How to splice steel cable

Written by charlie johnson
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How to splice steel cable
Splicing steel cable allows you to make use of damaged and shorter pieces of cable. (cable image by François MOUNIER from

Steel cable is made up of multiple steel wires placed side by side and then bound together. The wires are bound by twisting or braiding them until a single, thick strand is formed. Individual wires are still visible, but the newly formed cable is able to hold more weight and tension than the individual wires. Splicing a steel cable together is one way of making use of steel cables that are either too short or too damaged to be used on their own. You can splice steel cables to ensure you get the proper length of cable you need for your project.

Skill level:

Things you need

  • Steel Cable
  • Thimble
  • Heavy Duty Pliers
  • "U" Shackles (also known as Crosby Bulldog Shackles)
  • Wrench
  • Jaw-and-jaw turnbuckle

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  1. 1

    Take the end of the steel cable and make a loop. Have this loop go around the thimble. Hold the shorter end of the steel cable (the "dead" end) tightly to the rest of the cable (the "live" end). Fit the cable into the thimble's channel. Make sure this is snug enough that the thimble does not fall out. At least 12 inches of on the dead end (the shorter end) of the steel cable is needed. You should measure from the closed end of the thimble.

  2. 2

    Use your pliers to tightly pinch the steel cable and the thimble channels together. If you can, squeeze the thimble shut a little with the pliers to ensure that the loop of the steel cable is firmly held together by the thimble.

  3. 3

    Take off the saddle of the "U" shackle. Do this by unscrewing the nuts from the ends of the "U" shackle. The saddle is the bottom metal piece that is attached to the ends of the "U" shape part of the shackle. Put the "U" piece over both the live and the dead ends of the steel cable - both ends should be inside the "U." This first "U" part of the "U" shackle should be as close to the thimble as you can possibly make it. The bend in the "U" should be touching only the dead end of the cable. Re-attach the saddle to the "U" part of the shackle, making sure that the nuts are very tightly screwed back on. Place another "U" shackle in exactly the same manner as the first "U" shackle, but have it 4 inches away from the first "U" shackle you attached. Attach one more "U" shackle in exactly the same manner, but 4 inches away from the second "U" shackle you attached.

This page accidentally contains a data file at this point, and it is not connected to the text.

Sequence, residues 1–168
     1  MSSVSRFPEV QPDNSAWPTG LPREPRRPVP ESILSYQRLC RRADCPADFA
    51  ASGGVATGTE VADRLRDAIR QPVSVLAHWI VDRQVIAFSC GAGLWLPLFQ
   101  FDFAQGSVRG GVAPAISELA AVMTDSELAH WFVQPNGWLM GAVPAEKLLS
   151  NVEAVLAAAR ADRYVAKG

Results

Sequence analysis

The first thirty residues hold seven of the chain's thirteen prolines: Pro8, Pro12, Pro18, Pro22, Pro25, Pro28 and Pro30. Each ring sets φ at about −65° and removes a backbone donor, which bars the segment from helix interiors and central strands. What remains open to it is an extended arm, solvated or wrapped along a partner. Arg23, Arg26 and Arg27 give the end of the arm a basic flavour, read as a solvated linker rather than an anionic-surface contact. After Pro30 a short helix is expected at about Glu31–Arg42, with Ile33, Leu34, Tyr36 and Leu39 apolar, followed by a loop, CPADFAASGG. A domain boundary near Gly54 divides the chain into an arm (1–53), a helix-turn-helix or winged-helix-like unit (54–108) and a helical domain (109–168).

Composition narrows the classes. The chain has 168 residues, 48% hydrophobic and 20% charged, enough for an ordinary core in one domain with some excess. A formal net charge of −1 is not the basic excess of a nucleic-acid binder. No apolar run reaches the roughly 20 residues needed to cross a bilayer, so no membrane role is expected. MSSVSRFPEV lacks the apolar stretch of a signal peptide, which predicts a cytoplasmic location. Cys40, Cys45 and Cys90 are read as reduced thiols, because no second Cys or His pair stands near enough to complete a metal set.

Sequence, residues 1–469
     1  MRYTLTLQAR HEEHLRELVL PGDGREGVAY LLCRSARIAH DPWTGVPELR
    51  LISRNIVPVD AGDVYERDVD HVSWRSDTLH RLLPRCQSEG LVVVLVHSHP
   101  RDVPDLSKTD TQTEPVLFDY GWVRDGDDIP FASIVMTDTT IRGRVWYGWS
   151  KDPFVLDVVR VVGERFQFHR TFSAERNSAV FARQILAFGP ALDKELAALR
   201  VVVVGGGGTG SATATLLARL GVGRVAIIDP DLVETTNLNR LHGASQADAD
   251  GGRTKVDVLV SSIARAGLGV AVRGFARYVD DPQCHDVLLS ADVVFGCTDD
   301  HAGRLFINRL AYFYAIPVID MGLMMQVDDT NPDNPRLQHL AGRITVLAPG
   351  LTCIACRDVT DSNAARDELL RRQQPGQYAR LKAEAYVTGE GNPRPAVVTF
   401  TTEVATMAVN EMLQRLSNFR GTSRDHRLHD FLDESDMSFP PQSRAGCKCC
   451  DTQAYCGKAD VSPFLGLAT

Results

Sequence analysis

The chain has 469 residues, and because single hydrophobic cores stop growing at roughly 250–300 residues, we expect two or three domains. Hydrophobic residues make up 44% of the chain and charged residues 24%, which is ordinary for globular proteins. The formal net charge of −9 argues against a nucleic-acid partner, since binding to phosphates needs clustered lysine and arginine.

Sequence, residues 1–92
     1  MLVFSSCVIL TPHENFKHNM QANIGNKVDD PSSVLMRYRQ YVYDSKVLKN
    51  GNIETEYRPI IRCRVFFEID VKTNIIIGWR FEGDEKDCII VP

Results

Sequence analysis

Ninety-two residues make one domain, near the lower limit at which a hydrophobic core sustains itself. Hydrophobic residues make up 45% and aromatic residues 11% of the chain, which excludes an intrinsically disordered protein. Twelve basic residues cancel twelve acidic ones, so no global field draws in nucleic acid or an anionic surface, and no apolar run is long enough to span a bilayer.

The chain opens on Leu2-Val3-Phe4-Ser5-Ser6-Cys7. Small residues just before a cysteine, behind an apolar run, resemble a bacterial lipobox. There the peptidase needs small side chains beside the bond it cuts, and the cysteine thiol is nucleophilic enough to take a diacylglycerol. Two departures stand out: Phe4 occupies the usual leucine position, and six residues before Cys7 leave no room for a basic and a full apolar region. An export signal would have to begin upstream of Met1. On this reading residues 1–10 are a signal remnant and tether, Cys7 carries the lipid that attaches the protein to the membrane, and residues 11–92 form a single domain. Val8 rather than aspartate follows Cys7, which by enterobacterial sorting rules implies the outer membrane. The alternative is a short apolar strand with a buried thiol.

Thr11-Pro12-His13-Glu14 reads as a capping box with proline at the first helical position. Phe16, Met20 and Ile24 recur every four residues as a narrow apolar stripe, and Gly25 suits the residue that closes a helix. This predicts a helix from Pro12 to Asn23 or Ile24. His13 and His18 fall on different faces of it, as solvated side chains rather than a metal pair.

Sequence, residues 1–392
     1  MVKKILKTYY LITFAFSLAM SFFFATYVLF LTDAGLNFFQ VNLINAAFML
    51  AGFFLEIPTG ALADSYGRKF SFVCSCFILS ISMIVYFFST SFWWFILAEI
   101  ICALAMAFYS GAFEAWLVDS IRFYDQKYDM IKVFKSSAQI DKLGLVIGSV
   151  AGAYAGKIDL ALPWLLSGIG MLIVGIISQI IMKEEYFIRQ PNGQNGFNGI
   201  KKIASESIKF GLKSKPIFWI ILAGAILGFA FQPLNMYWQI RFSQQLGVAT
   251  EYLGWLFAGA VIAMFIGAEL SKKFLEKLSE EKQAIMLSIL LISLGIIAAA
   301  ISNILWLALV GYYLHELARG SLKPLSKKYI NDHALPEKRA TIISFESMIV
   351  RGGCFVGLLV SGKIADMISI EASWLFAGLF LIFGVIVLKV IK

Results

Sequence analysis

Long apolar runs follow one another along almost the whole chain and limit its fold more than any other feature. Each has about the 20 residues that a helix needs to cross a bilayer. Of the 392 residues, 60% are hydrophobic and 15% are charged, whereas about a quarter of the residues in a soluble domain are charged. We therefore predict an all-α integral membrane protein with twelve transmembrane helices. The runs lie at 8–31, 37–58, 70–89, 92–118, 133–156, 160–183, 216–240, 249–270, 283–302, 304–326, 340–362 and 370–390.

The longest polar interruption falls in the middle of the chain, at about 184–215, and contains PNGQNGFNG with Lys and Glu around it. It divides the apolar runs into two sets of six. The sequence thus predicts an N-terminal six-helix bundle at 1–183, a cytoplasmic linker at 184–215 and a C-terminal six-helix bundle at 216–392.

4. 4

    Attach a jaw-and-jaw turnbuckle to the loop at the end of your wire, the one that is formed by the thimble. Attach the turnbuckle by removing the turnbuckle jaw bolt from the shackle of the bottle neck screw. Pass the bolt through the thimble loop, so that the screw's shackle is inside the loop. Reattach the bolt on the bottom of the turnbuckle. You should not be able to separate the steel cable from the turnbuckle.

  5. 5

    Thread the steel cable you would like to have spliced through the top eyelet of the screw. The eyelet will substitute for the thimble loop on this piece of cable. Attach three more "U" shackles as you did with the other piece of steel cable. Make sure the "U'' bend of each "U" shackle is against the dead en of the new cable.

Tips and warnings

  • You can wrap duct tape around the ends of your cables to keep them from fraying or unravelling.
  • It is important to make sure that the "U" bend of the "U" shackles are all touching the dead end of the cable. Otherwise, the cable will not be able to handle as much weight and could easily break.

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